Arthur J. Villasanta – Fourth Estate Contributor
Washington, DC, United States (4E) – The Federal Emergency Management Agency (FEMA) has admitted to a gross incompetence that prolonged the suffering of Puerto Rico residents reeling from the calamity inflicted by Hurricane Maria in 2017, and that contributed to a death toll that might reach 4,000 on the Caribbean island.
It took a year for FEMA to own up to its bureaucratic bungling and admit it greatly underestimated the devastation the Category 5 hurricaene wrought, thereby crippling the agency’s ability to react to the worst natural disaster in Puerto Rico’s history.
Mayor Carmen Yulin Cruz of San Juan made headlines by attacking the Trump administration’s and FEMA’s response in Puerto Rico. She also publicly confronted FEMA at a news conference, saying the lack of better assistance could be described as genocide. Trump made matters much worse by praising FEMA’s response, saying he would rate it a 10 out of 10 (the highest).
The acknowledgement made in FEMA’s after-action report summarizing the agency’s performance in 2017 did nothing to silence the still smouldering criticism of the agency’s ineffectual response to the calamity. FEMA admitted as much saying its planning in the region was incomplete; did not adequately account for the possibility of multiple major disasters in a short amount of time, and underestimated the impact of “insufficiently maintained infrastructure” in Puerto Rico.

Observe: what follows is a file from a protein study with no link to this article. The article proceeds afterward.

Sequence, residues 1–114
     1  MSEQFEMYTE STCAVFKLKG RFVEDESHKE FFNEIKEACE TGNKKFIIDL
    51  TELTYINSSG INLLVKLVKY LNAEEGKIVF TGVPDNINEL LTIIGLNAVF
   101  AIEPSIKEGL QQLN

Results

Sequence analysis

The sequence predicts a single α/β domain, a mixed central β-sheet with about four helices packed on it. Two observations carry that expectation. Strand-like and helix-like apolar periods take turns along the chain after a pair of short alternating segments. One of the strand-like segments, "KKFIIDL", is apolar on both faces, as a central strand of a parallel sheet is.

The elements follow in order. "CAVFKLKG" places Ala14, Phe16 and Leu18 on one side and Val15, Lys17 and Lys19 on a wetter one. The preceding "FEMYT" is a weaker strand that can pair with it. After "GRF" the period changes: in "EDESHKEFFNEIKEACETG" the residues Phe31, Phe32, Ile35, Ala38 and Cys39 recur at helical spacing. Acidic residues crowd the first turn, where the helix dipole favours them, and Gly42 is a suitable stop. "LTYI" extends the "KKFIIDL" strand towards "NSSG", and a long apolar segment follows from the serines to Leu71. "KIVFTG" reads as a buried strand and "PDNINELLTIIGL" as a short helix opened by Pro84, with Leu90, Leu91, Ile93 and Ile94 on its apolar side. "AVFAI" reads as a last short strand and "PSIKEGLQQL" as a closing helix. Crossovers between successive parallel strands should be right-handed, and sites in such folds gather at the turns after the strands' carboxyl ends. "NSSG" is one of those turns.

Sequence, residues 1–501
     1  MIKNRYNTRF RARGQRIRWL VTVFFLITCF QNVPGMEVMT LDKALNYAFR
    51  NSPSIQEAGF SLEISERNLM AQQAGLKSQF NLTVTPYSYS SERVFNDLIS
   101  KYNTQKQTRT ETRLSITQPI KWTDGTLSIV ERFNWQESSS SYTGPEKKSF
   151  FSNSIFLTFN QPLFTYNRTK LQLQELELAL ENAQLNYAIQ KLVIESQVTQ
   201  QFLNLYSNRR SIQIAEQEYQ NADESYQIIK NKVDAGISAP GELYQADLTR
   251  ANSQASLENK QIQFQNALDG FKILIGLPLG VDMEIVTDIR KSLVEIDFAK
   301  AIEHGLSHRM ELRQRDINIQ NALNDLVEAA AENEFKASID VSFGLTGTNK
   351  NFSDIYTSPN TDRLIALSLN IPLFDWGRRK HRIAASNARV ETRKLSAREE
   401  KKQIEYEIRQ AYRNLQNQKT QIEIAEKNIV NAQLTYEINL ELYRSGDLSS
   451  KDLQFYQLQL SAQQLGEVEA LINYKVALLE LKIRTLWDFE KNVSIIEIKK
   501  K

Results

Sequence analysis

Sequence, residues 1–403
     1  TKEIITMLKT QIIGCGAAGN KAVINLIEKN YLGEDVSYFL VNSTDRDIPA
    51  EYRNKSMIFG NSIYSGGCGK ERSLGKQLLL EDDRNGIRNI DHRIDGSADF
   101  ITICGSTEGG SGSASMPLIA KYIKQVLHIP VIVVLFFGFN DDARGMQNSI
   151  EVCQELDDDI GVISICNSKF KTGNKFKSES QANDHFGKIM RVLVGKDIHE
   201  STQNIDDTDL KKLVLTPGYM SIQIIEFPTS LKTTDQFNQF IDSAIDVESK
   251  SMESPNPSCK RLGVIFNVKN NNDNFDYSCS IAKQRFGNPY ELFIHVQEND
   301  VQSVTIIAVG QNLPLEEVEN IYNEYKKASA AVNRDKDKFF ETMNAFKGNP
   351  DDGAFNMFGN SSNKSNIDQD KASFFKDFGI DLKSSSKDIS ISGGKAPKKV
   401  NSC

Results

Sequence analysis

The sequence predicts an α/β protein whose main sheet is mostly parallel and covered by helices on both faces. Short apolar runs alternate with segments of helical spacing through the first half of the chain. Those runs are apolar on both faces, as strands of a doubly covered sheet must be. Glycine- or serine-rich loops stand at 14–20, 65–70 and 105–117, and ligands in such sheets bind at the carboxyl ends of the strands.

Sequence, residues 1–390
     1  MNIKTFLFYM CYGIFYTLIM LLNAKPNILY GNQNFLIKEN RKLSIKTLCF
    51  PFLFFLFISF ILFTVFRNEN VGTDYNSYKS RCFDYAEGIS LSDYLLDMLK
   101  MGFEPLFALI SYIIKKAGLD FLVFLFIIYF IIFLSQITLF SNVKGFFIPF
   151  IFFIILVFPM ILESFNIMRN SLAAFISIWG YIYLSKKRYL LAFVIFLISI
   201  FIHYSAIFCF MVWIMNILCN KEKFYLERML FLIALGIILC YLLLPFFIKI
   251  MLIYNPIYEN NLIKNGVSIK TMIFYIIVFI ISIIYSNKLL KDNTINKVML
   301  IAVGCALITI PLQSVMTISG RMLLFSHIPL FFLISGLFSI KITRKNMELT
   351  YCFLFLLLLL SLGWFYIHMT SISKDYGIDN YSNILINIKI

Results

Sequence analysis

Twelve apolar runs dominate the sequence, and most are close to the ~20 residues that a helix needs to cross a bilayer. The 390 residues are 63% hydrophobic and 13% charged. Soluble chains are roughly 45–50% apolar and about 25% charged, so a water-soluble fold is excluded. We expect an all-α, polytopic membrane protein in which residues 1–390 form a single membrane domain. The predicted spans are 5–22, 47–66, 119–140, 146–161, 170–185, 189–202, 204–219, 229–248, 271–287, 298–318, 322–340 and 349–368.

The report said FEMA’s leadership acknowledged the agency “could have better anticipated that the severity of hurricanes Irma and Maria would cause long-term, significant damage to the territories’ infrastructure.”
It said FEMA leadership “also recognized that emergency managers at all levels could have better leveraged existing information to proactively plan for and address such challenges, both before and immediately after the hurricanes.” Existing plans didn’t adequately account for the possibility of multiple major incidents such as hurricanes occurring in rapid succession.
A Harvard study released in May estimated that over 4,000 deaths were associated with the storm, contradicting an official estimate of 64. FEMA said the massive fatality estimate was being reviewed by the Puerto Rican government.
Astonishingly, FEMA Administrator Brock Long praised the agency in his opening remarks during the release of the report on July 12, saying FEMA responded to “historic” and “unprecedented” disasters.
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